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Nanomedicine. 2009 Dec;5(4):473-9. doi: 10.1016/j.nano.2009.01.013. Epub 2009 Feb 13.

Glia activation induced by peripheral administration of aluminum oxide nanoparticles in rat brains.

Author information

1
MOE Key Lab, Institute of Environmental Medicine, School of Public Health, Tongji Medical College, Huazhong University of Science and Technology, Wuhan, China.

Abstract

With the wide application of nanoscaled particles, the risk of human exposure to these particles has been markedly increased. However, knowledge about their safety falls far behind the utility of these nanoparticles. Here we have analyzed the activation of brain microglia and astrocytes, which are sensitive to changes of brain environment after peripheral exposure to nanoscaled aluminum oxide suspension. Sprague-Dawley rats (six rats per treatment) were intraperitoneally injected once every second day for 30 or 60 days with nanoscaled aluminum oxide (NSAO; 1 mg/kg or 50 mg/kg), non-nanoscaled aluminum oxide (nNSAO, 1 mg/kg), or vehicle (saline). After 60 days' exposure the numbers of ED1+, GFAP+, and nestin+ cells in cortex and hippocampus were significantly higher in NSAO-treated rats than nNSAO- or vehicle-treated rats; thus, compared with nNSAO, NSAO has potential effects on the innate immune system of rat brain. This should be considered when evaluating the toxicological effects of nanosized particles.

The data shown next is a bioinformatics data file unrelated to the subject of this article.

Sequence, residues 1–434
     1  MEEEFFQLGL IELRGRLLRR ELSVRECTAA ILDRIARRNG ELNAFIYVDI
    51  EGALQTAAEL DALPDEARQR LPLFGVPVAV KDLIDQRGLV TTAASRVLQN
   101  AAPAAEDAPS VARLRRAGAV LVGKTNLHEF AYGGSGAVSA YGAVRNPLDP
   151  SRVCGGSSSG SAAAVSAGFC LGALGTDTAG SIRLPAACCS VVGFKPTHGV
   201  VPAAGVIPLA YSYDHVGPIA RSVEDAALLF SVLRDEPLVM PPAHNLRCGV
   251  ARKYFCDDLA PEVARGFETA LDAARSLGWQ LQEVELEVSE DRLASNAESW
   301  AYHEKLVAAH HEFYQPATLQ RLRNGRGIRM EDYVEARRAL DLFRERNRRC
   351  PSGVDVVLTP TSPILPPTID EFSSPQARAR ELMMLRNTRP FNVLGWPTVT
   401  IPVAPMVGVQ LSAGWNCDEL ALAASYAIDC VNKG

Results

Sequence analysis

FROM THE CLINICAL EDITOR:

Sprague-Dawley rats were intraperitoneally injected with nanosized aluminum oxide, (NSAO); non-nanoscaled aluminum oxide, or vehicle (saline). The numbers of ED1+, GFAP+, and nestin+ cells in cortex and hippocampus were significantly higher in NSAO-treated rats than nNSAO- or vehicle-treated rats; thus, NSAO has potential effects on the innate immune system of rat brain.

PMID:
19523415
DOI:
10.1016/j.nano.2009.01.013
[Indexed for MEDLINE]

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